Perceptual objectivity

Philosophical Review 118 (3):285-324 (2009)
Authors
Tyler Burge
University of California, Los Angeles
Abstract
A central preoccupation of philosophy in the twentieth century was to determine constitutive conditions under which accurate (objective) empirical representation of the macrophysical environment is possible. A view that dominated attitudes on this project maintained that an individual cannot empirically represent a physical subject matter as having specific physical characteristics unless the individual can represent some constitutive conditions under which such representation is possible. The version of this view that dominated the century's second half maintained that objective empirical representation of the physical environment requires the individual to be able to supplement this representation with representation of general constitutive features of objectivity. This essay criticizes instances of this version in P. F. Strawson and Quine. It maintains that all versions of the position postulate conditions on objective empirical representation that are more intellectual than are warranted. Such views leave it doubtful that animals and human infants perceptually represent elements in the physical environment. By appeal to common sense and to empirical perceptual psychology, this essay argues that unaided perception yields objective representation of the macrophysical environment. It does so in prelinguistic animals, even in animals that almost surely lack propositional attitudes. The essay concludes with explications of nondeflationary conceptions of representation and perception. It distinguishes nonperceptual sensing from perceptual representation and explicates perceptual representation as a type of objective sensory representation. Objectivity is marked by perceptual constancies. Representation is marked by a nontrivial role for veridicality conditions in explanations of the relevant states. CiteULike Connotea Del.icio.us Digg Reddit Technorati What's this?
Keywords No keywords specified (fix it)
Categories (categorize this paper)
DOI 10.1215/00318108-2009-001
Options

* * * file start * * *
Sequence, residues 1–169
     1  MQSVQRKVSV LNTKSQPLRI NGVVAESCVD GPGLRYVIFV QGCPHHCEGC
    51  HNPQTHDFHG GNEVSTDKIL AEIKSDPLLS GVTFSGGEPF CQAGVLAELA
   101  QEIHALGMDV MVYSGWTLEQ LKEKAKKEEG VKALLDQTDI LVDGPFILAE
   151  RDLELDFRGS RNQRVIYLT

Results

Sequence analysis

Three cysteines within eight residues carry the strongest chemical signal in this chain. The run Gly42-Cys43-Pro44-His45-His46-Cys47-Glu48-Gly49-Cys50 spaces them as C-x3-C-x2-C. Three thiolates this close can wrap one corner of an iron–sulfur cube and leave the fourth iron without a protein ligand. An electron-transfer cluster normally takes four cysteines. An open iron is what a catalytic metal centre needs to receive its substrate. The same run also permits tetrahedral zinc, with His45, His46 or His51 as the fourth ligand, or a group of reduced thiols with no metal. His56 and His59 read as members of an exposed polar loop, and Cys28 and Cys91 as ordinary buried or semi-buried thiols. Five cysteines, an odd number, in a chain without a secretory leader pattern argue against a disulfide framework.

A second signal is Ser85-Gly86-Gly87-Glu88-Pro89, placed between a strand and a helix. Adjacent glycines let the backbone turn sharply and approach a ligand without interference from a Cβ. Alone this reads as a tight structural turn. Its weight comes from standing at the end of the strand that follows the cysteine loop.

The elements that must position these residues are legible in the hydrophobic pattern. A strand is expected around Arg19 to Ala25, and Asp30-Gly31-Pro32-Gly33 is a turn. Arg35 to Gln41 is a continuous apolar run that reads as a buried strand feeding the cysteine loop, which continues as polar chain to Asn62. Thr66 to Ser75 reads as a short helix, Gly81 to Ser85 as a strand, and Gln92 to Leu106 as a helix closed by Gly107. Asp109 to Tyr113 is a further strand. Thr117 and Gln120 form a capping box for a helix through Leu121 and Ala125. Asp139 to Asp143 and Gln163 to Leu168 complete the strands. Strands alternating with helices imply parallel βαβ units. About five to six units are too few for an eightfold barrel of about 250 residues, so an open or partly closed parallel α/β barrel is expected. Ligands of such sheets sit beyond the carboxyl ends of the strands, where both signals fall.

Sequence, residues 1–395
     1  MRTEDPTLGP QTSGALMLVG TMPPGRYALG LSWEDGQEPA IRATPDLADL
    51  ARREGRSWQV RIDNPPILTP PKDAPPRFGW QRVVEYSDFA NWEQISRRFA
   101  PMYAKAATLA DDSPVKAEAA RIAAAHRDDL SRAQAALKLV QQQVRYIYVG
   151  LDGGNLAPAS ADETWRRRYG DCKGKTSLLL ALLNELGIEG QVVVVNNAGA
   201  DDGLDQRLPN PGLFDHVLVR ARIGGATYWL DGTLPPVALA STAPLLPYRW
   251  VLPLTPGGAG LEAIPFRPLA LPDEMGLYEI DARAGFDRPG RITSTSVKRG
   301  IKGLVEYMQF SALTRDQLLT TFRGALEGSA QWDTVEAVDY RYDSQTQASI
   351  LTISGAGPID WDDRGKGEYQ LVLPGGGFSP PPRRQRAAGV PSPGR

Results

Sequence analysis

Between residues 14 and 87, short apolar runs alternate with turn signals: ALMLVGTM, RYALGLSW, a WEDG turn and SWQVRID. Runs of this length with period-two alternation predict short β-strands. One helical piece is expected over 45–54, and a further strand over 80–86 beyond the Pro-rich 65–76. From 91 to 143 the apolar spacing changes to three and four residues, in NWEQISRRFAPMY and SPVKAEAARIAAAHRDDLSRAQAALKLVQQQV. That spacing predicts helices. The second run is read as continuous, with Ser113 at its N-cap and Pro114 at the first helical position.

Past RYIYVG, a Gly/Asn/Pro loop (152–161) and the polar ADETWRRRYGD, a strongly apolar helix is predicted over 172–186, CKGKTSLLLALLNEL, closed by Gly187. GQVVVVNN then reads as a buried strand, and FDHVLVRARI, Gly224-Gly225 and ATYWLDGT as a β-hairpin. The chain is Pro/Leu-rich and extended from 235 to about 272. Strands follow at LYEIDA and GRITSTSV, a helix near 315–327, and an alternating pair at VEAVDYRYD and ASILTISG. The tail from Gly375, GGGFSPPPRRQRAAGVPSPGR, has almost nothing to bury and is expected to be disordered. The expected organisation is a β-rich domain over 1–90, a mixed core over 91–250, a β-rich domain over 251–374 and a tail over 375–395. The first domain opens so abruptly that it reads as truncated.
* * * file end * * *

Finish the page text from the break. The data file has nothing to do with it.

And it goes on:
Edit this record
Mark as duplicate
Export citation
Find it on Scholar
Request removal from index
Revision history

Download options

Our Archive


Upload a copy of this paper     Check publisher's policy     Papers currently archived: 35,898
Through your library

References found in this work BETA

No references found.

Add more references

Citations of this work BETA

Attention and Mental Paint1.Ned Block - 2010 - Philosophical Issues 20 (1):23-63.
The Grain of Vision and the Grain of Attention.Ned Block - 2012 - Thought: A Journal of Philosophy 1 (3):170-184.
The Defective Armchair: A Reply to Tye.Ned Block - 2014 - Thought: A Journal of Philosophy 3 (2):159-165.

View all 16 citations / Add more citations

Similar books and articles

Perceptual Representation.Michael J. Pendlebury - 1986 - Proceedings of the Aristotelian Society 87:91-106.
The Silence of the Senses.Charles S. Travis - 2004 - Mind 113 (449):57-94.
Perception and Representation.William P. Alston - 2005 - Philosophy and Phenomenological Research 70 (2):253-289.
Disjunctivism and Perceptual Psychology.Tyler Burge - 2005 - Philosophical Topics 33 (1):1-78.
Motor Intentionality and its Primordiality.Jennifer Hudin - 2006 - Inquiry: An Interdisciplinary Journal of Philosophy 49 (6):573 – 590.
Kant on Animal Consciousness.Colin McLear - 2011 - Philosophers' Imprint 11.

Analytics

Added to PP index
2009-07-19

Total downloads
587 ( #4,345 of 2,293,848 )

Recent downloads (6 months)
10 ( #48,736 of 2,293,848 )

How can I increase my downloads?

Monthly downloads

My notes

Sign in to use this feature